The beauty of a Live CD is that it gives you a chance to access your computer or a batch of alternate applications without actually having to load up your operating system. You only need to pop the CD into your optical drive and boot it up from your BIOS -- this self-contained environment runs independent of anything that's located on your drive partitions, even though you can still perform a variety of tasks that manipulate the data on your drives.
For example, you can test our new Linux distributions using a Live CD, saving you the time and hassle of blanking an entire partition just to see if it's the right distribution for you. You can also manipulate the partitions of your drives using a Live CD, expanding and creating volumes to create alternate locations for new operating systems, files, or whatever it is you'd use a separate volume for. Live CDs are great for troubleshooting your system (or saving your data) when your primary operating system won't boot, and they can also be used to break through Windows installations that you've lost the password for.
All that functionality... and you don't even have to install a single program on your machine! Click the link to check out some of the best Live CDs that you should have sitting on your desk.
For more than a decade, Adobe Photoshop has been the de facto image-editing program used by professionals and art students alike. But there are plenty of casual users who only dabble with Photoshop for simple tasks, such as photo resizing and cropping -- oblivious to the sheer power of Photoshop's graphics manipulation abilities. These decidedly non-power users (and we know some of you are included in this group) can do so more with this versatile program -- and we're here to show you how.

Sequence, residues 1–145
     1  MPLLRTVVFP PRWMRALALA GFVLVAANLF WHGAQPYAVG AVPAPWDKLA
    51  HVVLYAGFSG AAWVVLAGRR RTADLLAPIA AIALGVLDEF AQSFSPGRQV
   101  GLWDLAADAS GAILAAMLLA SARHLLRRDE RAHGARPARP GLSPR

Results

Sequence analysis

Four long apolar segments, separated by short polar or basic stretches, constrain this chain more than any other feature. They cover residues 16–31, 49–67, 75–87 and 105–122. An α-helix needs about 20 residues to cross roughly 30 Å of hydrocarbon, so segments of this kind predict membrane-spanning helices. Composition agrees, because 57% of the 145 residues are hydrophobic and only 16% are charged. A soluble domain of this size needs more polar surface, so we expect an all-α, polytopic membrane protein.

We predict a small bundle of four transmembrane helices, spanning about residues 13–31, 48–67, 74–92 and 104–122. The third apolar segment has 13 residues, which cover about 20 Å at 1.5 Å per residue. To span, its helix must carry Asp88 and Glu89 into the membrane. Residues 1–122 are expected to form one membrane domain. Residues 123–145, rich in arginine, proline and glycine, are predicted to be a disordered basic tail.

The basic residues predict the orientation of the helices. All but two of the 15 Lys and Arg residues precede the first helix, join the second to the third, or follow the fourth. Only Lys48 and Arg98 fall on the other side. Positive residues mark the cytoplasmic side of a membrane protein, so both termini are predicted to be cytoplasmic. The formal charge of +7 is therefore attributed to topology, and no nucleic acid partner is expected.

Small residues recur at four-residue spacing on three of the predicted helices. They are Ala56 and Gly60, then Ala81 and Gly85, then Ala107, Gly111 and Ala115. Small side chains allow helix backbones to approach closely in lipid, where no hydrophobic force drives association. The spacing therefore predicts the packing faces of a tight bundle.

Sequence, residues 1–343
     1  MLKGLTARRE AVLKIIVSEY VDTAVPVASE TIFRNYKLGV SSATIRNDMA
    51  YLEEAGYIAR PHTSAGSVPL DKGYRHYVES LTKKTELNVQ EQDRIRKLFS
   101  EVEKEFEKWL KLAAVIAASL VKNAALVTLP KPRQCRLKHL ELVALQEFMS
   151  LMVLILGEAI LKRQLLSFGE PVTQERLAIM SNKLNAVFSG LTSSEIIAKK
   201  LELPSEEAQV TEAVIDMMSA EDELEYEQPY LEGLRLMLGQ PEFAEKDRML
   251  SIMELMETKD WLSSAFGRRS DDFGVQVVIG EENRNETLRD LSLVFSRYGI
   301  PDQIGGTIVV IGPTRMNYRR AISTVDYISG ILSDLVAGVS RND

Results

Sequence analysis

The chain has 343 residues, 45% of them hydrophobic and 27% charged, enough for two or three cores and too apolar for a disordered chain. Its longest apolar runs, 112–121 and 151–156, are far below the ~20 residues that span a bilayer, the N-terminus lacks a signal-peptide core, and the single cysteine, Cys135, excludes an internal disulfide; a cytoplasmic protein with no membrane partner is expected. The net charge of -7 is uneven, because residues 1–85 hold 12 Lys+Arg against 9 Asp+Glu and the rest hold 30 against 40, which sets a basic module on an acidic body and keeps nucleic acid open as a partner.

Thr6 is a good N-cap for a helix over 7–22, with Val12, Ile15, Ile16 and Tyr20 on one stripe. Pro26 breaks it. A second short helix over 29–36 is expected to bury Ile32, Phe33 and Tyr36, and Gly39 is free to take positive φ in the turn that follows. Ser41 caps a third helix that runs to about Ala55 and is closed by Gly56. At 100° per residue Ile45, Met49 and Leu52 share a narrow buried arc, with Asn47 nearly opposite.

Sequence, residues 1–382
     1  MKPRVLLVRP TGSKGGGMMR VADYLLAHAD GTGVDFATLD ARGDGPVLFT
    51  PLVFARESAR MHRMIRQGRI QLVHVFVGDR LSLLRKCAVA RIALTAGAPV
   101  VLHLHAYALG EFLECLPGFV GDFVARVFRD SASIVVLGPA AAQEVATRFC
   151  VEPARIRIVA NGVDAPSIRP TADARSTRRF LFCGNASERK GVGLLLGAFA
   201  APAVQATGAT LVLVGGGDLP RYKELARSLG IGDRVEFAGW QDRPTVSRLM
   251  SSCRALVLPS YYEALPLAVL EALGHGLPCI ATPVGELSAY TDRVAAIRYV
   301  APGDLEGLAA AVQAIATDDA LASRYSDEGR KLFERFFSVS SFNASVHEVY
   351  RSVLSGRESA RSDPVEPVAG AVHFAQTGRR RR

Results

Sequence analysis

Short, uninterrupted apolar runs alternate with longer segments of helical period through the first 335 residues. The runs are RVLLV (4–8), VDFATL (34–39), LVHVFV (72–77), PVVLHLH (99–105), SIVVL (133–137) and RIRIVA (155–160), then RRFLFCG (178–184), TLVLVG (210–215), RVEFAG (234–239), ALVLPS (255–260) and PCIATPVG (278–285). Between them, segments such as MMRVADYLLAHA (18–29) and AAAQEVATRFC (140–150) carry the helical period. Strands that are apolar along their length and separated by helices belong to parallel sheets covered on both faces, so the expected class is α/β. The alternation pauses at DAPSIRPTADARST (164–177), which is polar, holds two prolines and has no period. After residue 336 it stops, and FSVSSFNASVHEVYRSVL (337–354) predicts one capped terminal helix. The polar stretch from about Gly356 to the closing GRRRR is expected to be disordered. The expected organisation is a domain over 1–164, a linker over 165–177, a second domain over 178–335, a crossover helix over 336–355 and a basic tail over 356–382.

Whether you've just installed Photoshop for the first time or know your away around a the Tools toolbar, we put together a few of the most essential Photoshop skills to get you started on your photo editing endeavors. Before you know it, you'll be fixing up your grandmother's torn-up black and white wedding photos and airbrushing the heck out of yourself for your Facebook photo.
It's been far too long since we've run a Parts and Price Guide on the website, but we're now ready to get back into the groove of monthly component recommendations for your next PC build. This month, we're starting off with a $1000 PC. You'll be surprised at how much power and storage you can get for a grand -- even we're hesitant to call it a mere budget rig. In the following weeks, we'll also be running guides for $1500, $2000 systems, and will even try assembling and benchmarking a $500 configuration for the really budget-conscious (the troubled economy pretty much mandates it!). But for now, take a dive into our choices for a respectable system, and sound off on how you would build your PC differently!
Today, hard drive manufacturer Seagate and chip manufacturer AMD unveil the first tech demo of Serial ATA Revision 3.0, which boasts transfer rates of up to six gigabits per second, twice the speed of the current SATA spec. The specification, which was announced by the Serial ATA International Organization last August, will appear in hardware starting later this year.